In fact, the meditation that Beare recommends is TM, or transcendental meditation. The TM movement was started by a wily Indian businessman by the name of Mahesh Prasap Varma (1918 – 2008). TM is practiced twice a day for 15 to 20 minutes each in a sitting position using a sound or ‘mantra’. It gained worldwide popularity in the late fifties and claims several million followers around the world. In the U.S. you can learn TM from a certified teacher over the course of four days for US$1,500. Some of its better-known erstwhile fans included the Beatles and Deepak Chopra. TM has grown into a multi-million dollar business....

But back to ‘doing nothing’. I do not advocate TM. If you want to relax and do something good for your health, a hammock and/or a few minutes of breathing meditation are a great start.  Enjoy.

Wednesday, September 19, 2012

Secret 41: Breathe - and Hum

Death is a natural part of the cycle of life. In unfortunate circumstances, death is caused by an accident and the person dies prematurely. If all goes well, a person lives a long and healthy life and eventually, due to old age, passes on. However, in the Western world, death is often precipitated because our bodies are no longer able to effectively rid themselves of toxins. Through the ‘food’ we choose to eat, the pollutants in the environment, overwhelming stress, excessive electromagnetic radiation, and a dearth of essential nutrients, our bodies are exposed to more toxins than they are able to process and excrete. Death in countries with high standards of living, ironically, often occurs when toxins overwhelm the body.  What a futile way to end a life!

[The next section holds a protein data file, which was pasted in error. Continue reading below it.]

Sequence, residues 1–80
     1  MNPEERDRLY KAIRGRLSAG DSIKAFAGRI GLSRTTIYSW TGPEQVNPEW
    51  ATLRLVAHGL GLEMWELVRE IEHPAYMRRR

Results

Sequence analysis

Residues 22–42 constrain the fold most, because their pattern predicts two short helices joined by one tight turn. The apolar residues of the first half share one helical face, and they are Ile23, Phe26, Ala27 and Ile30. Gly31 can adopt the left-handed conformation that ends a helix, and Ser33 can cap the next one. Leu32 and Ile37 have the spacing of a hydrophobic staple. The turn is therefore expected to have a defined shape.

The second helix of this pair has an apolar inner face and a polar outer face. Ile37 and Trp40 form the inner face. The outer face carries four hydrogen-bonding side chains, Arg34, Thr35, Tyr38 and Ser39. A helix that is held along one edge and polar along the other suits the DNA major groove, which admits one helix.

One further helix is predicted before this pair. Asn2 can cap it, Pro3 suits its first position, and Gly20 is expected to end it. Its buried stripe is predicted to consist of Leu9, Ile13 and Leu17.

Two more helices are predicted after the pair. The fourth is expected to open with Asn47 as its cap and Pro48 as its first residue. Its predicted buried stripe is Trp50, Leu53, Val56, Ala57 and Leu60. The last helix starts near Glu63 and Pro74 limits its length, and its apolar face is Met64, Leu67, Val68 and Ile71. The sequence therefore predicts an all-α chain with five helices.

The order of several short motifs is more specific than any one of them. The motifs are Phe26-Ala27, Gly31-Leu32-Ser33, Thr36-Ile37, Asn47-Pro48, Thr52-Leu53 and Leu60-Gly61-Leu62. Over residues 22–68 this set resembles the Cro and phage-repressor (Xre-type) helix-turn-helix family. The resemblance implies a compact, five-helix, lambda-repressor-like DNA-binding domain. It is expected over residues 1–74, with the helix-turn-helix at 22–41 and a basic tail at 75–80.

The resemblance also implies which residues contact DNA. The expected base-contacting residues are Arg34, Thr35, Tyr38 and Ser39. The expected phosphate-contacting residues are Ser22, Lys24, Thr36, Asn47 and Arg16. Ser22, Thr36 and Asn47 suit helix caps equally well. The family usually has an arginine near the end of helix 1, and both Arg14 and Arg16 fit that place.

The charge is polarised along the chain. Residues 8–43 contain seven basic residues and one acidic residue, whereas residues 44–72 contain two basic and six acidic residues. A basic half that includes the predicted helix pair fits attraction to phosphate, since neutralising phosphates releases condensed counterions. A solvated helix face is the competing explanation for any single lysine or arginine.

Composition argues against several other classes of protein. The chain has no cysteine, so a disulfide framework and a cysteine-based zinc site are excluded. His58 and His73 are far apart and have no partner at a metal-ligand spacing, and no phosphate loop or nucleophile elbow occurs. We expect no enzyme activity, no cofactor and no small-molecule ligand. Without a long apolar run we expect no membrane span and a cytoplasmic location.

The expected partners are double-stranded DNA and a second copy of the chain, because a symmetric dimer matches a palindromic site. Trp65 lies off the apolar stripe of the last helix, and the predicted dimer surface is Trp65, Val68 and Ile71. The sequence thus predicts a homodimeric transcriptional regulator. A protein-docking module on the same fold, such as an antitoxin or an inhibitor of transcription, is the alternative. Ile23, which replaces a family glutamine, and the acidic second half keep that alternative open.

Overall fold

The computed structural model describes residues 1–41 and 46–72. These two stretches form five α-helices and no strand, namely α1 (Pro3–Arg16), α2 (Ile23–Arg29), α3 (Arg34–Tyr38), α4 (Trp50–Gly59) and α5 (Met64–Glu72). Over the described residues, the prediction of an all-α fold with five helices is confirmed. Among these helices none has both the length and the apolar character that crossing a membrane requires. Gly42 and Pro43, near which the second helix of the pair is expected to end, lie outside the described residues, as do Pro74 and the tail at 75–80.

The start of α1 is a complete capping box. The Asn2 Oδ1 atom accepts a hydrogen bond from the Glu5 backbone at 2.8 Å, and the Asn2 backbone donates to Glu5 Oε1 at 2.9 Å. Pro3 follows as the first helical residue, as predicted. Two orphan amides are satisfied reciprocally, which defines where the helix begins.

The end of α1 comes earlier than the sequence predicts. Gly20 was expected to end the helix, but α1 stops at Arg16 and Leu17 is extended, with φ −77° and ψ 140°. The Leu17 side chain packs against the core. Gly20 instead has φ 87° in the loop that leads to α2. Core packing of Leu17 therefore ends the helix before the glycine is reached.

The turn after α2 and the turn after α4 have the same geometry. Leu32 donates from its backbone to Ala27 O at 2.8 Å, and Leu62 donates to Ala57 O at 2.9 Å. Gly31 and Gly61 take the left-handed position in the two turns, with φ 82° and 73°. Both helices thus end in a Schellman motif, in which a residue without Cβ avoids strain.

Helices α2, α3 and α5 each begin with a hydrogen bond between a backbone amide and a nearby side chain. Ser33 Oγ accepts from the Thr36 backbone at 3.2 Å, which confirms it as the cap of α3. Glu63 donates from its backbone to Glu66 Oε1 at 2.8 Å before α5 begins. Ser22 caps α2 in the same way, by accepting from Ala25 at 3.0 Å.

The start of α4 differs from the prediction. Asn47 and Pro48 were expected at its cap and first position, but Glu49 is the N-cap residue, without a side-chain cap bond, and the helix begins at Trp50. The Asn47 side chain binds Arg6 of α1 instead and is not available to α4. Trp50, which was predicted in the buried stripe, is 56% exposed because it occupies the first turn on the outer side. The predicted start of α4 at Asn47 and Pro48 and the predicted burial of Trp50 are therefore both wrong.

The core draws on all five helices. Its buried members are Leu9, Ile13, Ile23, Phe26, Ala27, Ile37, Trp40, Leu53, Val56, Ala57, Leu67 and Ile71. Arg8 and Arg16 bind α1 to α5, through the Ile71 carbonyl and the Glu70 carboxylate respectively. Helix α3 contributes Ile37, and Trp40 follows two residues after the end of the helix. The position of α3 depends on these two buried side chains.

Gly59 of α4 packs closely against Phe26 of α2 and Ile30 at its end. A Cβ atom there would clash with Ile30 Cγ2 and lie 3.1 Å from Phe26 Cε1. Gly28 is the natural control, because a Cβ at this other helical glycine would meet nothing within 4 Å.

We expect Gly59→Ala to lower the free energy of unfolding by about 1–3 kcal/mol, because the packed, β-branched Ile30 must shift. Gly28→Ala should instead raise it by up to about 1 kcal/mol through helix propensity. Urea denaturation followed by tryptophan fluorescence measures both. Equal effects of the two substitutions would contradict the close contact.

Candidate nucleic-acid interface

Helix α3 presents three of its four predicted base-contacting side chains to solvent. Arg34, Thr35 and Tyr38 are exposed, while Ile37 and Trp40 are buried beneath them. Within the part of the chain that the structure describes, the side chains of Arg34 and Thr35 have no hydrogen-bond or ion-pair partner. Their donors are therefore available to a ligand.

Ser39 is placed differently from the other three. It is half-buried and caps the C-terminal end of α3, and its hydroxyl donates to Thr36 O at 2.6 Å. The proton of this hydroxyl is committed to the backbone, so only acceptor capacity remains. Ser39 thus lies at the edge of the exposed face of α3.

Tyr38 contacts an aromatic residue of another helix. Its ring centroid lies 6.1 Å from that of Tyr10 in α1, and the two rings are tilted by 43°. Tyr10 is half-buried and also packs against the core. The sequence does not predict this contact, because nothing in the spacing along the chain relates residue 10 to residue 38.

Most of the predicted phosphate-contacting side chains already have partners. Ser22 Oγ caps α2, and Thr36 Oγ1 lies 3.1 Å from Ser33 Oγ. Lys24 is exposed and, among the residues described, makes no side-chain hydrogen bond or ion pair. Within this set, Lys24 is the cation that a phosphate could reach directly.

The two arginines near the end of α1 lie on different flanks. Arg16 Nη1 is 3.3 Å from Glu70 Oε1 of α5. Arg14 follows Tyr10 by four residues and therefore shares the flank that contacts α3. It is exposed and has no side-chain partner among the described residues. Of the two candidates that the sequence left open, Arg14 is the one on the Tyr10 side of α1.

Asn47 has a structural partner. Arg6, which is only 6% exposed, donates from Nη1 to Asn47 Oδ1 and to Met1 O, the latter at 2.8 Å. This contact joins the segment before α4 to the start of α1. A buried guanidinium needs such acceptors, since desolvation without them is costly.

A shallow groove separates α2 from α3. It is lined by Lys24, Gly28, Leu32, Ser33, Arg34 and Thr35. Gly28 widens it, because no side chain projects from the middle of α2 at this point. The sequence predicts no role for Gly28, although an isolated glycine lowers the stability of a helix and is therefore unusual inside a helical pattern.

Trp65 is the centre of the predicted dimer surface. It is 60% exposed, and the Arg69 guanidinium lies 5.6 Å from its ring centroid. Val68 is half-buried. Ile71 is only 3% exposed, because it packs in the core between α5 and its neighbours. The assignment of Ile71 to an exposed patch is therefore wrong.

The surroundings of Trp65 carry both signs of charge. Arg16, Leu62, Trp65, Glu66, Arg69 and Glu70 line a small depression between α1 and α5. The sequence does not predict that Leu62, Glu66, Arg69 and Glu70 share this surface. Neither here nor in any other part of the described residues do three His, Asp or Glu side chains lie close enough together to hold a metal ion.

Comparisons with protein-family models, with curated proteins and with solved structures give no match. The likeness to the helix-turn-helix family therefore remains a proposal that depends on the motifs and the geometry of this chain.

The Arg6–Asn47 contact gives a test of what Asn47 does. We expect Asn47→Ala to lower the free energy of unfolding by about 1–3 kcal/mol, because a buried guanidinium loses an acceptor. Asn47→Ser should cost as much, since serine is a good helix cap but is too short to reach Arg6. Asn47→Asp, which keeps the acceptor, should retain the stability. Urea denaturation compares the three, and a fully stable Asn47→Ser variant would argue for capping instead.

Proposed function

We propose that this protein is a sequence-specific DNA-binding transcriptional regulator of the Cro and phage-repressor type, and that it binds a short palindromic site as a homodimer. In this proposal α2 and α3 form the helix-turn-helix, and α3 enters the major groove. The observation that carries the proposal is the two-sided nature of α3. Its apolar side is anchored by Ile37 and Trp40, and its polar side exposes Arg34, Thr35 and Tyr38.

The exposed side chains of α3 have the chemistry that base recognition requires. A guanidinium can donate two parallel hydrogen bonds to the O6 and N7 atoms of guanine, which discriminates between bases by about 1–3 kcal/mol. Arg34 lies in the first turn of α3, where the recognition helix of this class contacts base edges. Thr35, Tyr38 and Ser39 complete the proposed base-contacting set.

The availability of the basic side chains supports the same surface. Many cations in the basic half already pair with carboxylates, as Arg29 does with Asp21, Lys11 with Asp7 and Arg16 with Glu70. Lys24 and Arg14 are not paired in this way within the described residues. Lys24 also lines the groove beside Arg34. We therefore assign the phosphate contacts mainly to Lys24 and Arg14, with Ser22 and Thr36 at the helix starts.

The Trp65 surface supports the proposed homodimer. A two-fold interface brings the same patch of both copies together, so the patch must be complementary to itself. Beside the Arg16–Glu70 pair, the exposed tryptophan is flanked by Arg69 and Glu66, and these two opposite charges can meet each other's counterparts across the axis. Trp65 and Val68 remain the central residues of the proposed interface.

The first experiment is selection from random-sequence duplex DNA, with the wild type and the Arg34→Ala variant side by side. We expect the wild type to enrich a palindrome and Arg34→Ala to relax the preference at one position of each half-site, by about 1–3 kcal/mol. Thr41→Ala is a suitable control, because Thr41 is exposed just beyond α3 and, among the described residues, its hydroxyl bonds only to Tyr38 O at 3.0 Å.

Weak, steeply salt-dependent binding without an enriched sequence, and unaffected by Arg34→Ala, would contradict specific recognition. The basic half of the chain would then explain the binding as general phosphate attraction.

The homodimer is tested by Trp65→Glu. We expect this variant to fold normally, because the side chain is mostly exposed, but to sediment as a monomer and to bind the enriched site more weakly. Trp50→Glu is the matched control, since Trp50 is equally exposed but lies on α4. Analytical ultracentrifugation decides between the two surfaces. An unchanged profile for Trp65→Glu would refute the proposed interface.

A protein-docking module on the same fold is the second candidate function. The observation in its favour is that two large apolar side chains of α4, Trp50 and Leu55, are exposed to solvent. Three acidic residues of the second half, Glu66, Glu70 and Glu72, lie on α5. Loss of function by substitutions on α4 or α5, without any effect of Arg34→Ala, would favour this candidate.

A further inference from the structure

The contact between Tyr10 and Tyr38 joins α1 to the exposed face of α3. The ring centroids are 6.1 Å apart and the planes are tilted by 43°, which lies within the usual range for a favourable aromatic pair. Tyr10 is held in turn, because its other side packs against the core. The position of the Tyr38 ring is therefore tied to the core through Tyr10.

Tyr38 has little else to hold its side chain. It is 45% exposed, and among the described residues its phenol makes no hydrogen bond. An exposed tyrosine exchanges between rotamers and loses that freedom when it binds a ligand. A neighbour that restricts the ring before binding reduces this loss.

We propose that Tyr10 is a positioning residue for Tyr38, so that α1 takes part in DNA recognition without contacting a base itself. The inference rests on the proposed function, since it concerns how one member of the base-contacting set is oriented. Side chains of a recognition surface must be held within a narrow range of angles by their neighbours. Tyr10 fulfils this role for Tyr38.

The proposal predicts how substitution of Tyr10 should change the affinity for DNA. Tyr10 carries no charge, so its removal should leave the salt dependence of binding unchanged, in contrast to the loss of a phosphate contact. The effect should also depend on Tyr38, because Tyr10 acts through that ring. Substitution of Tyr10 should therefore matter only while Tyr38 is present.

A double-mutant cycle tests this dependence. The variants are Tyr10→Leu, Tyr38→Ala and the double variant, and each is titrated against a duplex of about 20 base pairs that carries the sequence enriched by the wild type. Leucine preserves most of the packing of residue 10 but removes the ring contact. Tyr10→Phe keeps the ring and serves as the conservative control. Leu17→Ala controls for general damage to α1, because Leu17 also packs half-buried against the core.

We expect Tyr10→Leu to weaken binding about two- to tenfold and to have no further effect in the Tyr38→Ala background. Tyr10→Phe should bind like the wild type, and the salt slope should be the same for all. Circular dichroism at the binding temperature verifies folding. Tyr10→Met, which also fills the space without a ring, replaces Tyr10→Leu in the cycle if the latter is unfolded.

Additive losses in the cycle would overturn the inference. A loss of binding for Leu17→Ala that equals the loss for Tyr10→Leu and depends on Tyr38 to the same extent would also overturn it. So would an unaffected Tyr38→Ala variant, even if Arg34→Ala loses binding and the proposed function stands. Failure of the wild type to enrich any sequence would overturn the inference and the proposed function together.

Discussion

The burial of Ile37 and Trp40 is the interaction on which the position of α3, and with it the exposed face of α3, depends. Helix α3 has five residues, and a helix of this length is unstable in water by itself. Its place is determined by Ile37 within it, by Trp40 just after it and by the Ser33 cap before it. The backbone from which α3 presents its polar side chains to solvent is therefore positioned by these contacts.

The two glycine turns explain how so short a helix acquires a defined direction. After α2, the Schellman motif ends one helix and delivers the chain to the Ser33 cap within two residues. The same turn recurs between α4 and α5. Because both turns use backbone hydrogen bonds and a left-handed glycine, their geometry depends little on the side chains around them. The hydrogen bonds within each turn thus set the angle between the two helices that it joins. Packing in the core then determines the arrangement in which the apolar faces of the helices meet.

A very powerful method of detoxification is correct breathing. Other important detoxification systems are found in the digestive system (constipation = lingering of toxins in the gut; are you eating enough fiber and fresh fruit and vegetables), the spleen, the kidney, the liver, the immune system, the mind and its outlook, and the skin.  In this blog we examine the role our lungs play in detoxification.

Air consists of nitrogen (78%), oxygen (21%), and a mixture of other gases (1%). One of these gases is carbon dioxide (less than 0.04%). Oxygen, like water, is vital for our existence.  Carbon dioxide is a waste material. Breathing provides us with oxygen, and, just as important, allows us to efficiently rid ourselves of carbon dioxide. The oxygen and carbon dioxide of the air we exhale is lower in oxygen (14% to 18%) and higher in carbon dioxide (4% to 5%). Breathing is an automated body function and is triggered by higher carbon dioxide levels rather than lower oxygen levels. For example, during exercise a by-product of energy is carbon dioxide. The increased level of carbon dioxide increases the acidity of blood, which in turn triggers the mechanisms that make us breathe harder. On average, a person creates 1 kg (2.2 pounds) of carbon dioxide per day. Exhaling does not only rid the body of carbon dioxide, it is also a conduit to loss of water. Exhaled air has a humidity of 100%.  Staying hydrated by drinking plenty of fresh water is essential for effective detoxification.